White Van Music Review

White Van Music
Jake One
, 2008
Rhymesayers Records
Running Time: 66:25
4 out of 5 stars

 “Are you on dope?”
“What kind?”
“Musical dope.”
“You get high?”
“Offa what?”

This is the exchange that opens hip-hop producer Jake One’s debut solo album (all while jazz pianos, soul singers and drum machines clash and swirl in the background), and after listening, it’s clear he’s not exaggerating. The veteran producer (who’s worked with everyone from mainstream artists like 50 Cent to hipster acts like MF Doom) has finally released his own album, and an exuberant love for music is all over it. In the first twenty seconds, he mixes no less than four different musical traditions, and he builds from there throughout the rest of the album. His instruments of choice may be turntables and samplers, but Jake One is clearly an artist who simply loves music—loves the idea of music—and wants to share that love with the world.

This is love makes itself known throughout the album, even if Jake One is working within a distinctly hip-hop idiom. He’s not afraid to include pianos, guitars and even horns in the mix, even if they’re generally digitized and share the stage with his samples. (Then again, a lot of the samples he employs are some distance from what’s generally considered “urban”—for instance, the sped-up quote from Larry the Cable Guy that functions as the hook for “Get ‘Er Done,” which features emceeing by MF Doom.) At times, he even employs string orchestras, like on “The Truth,” which features Freeway and Brother Ali.
In terms of subject matter, the album is all over the map, as you might expect for an opus that features a different emcee on nearly every track (with the exception of MF Doom, who actually shows up on two cuts). We have everything from deep meditations on God, man, and death (“God Like,” which features D. Black) and unintentionally silly gangsta aggression (Kissin’ the Curb,” featuring Bishop Lamont and Busta Rhymes). We even have a number from Casual entitled “Feelin’ My Sh—,” which, bizarrely, mostly lists a number of hip-hop artists can, um, feel his sh—. (I assume it’s just an expression, but I’m not going be bothered to look it up.)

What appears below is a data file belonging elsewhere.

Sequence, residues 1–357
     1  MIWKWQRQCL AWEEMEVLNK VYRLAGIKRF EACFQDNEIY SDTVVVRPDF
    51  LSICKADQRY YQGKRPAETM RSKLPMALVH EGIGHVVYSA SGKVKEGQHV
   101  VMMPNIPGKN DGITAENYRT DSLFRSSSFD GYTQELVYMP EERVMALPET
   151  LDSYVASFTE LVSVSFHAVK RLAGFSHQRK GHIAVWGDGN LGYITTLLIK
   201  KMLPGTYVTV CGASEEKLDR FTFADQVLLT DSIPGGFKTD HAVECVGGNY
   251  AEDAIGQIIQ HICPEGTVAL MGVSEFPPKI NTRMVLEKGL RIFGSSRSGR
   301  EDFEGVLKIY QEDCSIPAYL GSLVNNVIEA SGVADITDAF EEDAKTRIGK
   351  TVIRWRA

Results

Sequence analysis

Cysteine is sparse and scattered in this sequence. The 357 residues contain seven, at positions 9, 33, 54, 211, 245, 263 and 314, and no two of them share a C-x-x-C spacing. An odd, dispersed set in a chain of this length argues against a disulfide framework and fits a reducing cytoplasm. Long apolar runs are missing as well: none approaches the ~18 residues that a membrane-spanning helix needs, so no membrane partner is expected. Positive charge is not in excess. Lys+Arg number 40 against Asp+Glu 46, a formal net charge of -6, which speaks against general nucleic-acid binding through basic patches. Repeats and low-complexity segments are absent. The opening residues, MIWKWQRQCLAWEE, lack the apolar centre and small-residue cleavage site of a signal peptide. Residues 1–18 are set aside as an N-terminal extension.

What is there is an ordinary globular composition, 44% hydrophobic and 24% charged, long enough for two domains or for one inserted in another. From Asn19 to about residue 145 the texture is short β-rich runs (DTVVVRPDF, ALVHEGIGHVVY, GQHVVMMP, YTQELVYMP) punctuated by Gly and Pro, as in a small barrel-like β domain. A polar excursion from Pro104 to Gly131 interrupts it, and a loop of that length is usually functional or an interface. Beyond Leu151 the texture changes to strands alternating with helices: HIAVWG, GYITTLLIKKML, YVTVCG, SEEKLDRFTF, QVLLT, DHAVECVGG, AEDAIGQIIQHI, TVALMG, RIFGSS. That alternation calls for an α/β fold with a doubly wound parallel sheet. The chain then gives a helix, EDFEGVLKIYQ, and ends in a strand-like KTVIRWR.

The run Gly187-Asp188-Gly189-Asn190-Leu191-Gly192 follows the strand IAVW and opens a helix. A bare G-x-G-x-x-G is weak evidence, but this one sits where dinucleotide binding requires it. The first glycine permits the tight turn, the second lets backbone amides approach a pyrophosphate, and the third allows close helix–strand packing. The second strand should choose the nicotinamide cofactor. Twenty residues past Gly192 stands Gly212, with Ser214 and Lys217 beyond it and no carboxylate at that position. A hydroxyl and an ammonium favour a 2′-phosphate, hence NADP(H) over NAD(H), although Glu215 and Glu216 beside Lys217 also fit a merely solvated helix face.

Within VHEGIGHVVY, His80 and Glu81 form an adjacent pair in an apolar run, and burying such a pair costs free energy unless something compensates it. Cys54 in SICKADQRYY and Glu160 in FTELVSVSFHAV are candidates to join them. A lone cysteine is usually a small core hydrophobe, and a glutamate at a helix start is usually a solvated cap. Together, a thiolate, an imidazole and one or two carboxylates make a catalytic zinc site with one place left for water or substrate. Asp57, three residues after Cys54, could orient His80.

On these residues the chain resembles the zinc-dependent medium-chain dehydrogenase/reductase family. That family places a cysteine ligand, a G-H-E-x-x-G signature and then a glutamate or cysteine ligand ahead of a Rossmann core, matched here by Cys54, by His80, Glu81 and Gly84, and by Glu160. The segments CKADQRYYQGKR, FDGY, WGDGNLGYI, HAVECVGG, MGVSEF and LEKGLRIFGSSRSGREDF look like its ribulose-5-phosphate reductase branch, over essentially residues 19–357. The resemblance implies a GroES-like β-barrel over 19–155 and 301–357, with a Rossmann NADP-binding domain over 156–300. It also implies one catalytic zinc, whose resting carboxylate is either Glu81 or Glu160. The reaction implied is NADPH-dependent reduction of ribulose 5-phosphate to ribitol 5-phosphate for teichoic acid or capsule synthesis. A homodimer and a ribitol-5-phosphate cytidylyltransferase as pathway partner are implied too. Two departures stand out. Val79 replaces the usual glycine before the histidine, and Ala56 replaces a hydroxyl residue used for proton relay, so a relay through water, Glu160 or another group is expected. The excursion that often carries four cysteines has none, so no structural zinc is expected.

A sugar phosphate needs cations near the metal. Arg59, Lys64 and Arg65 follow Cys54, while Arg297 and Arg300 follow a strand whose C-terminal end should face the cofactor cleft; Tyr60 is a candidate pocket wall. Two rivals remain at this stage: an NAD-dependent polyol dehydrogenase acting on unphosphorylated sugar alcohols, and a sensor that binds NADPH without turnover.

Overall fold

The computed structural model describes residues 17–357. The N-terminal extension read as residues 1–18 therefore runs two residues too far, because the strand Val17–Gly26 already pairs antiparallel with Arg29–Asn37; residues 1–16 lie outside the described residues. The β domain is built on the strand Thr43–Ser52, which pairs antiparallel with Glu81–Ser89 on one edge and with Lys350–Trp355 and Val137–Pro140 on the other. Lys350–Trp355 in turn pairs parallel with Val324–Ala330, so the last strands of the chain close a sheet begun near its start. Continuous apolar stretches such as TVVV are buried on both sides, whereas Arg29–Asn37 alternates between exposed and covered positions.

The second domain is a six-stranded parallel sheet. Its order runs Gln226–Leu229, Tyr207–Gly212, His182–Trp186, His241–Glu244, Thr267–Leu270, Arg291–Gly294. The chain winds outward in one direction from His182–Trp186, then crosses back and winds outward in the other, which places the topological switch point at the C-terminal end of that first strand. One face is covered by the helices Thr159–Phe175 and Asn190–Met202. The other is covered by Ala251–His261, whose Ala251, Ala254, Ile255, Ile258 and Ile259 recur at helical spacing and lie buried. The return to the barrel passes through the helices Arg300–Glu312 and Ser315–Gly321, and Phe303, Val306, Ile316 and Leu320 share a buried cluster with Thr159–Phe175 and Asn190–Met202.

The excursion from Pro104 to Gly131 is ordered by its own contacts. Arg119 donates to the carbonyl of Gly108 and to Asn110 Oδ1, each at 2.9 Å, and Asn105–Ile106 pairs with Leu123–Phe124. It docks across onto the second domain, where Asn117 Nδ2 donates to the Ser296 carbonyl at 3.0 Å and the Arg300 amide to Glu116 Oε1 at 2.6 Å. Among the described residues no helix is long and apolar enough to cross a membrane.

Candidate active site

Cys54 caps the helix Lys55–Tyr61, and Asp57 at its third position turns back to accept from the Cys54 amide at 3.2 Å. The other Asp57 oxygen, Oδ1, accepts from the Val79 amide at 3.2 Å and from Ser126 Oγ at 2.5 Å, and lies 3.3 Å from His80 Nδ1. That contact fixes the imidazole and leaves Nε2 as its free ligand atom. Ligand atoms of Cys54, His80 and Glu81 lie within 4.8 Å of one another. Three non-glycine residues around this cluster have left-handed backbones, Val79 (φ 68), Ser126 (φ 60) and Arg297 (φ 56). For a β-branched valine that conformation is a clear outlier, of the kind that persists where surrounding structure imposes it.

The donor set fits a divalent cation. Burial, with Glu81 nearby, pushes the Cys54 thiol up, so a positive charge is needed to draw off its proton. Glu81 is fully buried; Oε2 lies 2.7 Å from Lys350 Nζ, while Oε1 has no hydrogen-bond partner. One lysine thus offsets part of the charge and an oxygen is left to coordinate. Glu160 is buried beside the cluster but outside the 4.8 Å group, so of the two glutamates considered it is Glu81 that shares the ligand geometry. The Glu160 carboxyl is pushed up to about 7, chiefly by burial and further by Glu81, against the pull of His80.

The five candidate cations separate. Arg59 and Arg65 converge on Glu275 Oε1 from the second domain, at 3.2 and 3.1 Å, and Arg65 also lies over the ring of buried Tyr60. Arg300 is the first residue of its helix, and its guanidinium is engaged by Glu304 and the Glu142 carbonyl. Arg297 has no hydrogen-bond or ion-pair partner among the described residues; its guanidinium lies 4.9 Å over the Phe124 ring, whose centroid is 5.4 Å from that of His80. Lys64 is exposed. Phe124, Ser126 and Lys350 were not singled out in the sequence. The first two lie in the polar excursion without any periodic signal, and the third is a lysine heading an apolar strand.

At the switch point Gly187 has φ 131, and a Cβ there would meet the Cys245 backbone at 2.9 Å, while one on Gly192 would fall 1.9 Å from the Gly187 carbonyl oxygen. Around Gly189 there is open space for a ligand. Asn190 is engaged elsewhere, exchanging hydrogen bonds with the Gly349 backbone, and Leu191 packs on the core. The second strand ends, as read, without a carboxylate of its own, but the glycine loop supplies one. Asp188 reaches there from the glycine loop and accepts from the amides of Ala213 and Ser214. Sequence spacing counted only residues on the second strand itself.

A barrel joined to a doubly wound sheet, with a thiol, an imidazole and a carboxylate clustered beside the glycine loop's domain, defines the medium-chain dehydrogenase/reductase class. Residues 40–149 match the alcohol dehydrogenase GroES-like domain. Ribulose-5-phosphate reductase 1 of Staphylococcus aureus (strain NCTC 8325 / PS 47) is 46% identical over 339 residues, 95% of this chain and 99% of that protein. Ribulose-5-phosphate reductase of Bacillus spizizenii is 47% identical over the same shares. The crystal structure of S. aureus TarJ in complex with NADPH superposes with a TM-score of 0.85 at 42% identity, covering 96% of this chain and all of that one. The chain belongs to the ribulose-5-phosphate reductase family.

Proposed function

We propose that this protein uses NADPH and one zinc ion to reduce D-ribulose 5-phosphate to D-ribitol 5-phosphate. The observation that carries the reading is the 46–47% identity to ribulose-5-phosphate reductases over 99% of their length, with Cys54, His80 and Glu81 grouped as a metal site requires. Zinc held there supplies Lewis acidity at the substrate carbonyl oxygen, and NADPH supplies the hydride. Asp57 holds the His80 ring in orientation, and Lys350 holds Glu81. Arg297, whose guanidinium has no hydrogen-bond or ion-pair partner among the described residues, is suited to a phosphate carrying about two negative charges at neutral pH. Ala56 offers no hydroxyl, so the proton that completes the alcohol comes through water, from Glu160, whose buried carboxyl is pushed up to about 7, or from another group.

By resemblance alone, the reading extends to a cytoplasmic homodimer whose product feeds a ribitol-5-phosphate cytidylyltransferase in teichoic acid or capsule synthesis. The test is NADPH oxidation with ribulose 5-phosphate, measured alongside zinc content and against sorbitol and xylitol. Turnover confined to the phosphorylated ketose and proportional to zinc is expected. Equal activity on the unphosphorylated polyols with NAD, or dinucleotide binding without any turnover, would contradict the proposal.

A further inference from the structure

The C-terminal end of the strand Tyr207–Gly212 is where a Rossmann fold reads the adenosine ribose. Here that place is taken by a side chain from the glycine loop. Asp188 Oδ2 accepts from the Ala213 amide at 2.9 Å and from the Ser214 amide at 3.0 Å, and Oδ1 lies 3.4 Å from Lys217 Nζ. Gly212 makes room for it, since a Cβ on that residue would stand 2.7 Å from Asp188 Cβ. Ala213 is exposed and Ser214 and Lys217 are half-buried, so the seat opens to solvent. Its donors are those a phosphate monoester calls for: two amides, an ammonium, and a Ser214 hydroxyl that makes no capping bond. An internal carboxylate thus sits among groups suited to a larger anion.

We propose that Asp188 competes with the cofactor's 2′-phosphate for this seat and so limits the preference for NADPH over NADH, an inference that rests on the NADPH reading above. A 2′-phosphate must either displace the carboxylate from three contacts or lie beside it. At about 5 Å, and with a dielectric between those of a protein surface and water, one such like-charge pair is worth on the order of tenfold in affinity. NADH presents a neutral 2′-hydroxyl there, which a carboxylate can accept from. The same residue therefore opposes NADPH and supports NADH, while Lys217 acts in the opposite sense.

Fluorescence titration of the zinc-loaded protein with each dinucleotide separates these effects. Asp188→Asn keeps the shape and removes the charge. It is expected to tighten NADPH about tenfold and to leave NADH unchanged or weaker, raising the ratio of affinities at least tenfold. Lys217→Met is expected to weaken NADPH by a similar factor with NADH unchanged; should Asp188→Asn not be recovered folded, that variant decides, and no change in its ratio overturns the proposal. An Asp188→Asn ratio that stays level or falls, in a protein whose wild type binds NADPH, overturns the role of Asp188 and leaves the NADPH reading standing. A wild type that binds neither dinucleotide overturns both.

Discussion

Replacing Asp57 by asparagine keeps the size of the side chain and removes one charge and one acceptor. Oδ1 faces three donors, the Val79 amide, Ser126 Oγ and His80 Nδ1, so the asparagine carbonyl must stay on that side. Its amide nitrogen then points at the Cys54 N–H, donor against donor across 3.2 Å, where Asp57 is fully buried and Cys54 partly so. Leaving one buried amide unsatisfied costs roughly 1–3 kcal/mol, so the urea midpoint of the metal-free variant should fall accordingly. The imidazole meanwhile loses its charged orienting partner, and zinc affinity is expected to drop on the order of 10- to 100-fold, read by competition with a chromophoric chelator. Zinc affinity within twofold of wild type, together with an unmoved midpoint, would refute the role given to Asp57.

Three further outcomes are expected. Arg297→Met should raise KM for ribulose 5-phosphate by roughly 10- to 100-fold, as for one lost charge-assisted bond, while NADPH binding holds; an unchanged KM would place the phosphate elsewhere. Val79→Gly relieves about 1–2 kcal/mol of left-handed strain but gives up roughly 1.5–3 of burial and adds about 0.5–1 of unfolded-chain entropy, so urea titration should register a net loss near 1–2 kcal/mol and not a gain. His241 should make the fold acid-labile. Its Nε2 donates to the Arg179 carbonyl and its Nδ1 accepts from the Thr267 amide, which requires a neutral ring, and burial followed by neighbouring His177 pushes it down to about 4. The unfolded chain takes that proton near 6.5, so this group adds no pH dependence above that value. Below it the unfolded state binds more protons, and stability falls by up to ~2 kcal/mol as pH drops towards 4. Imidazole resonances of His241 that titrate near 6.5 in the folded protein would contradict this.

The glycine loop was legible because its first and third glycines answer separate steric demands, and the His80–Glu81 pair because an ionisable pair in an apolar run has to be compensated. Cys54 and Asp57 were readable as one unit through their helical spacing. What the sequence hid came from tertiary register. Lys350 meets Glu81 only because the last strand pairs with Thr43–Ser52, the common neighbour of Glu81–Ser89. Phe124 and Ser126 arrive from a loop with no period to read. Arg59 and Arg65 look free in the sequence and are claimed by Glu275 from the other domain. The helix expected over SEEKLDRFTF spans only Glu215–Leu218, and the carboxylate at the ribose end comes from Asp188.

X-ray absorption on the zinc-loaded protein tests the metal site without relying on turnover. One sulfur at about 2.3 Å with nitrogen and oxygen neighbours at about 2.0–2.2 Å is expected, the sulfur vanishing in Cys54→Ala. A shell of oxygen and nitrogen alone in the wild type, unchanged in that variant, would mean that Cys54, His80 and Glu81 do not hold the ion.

There are really only two small criticisms that can be leveled against an album as good as this. One is that it just has too many tracks (a problem that has always plagued the genre). It’s not that any of the cuts are bad (although “Soil Raps” featuring Keak Da Sneak comes close—mainly due to the Sneak’s divisively raspy voice)—quite the opposite, actually—but the fact is, that after fifteen tracks of it (the album has twenty-two), it all starts to sound the same, even if it’s not. (This is likely not a problem for most, since most copies of the album that are sold will end up ripped into iTunes and shuffled along with everything else.)
The second issue is slightly weightier, and that’s that Jake insists on having a collaborator on every single song. There are eighteen actual songs on the album, and each one features at least one emcee (some have as many as three). Few of them deliver embarrassing performances, but you have to wonder: if this is Jake’s album, why doesn’t he perform solo on at least one or two songs? His production is indisputably excellent, but when every song features pervasive rapping, it necessarily takes a backseat. It would have been nice to see what Jake can do on his own. The four skits show off a bit of this (in addition to poking a little fun at hip-hop braggadocio), but it would have been nice to see it in a full song.
Those two issues aside, Jake One has put together a solid set of songs here, and I’m definitely on board for whatever he does next. With its catchy raps and early fall release date, White Van Music feels tailor-made for play at frat parties. That’s not exactly high praise, but the good news is that it’s one of the smartest things you’re likely to hear at one this year.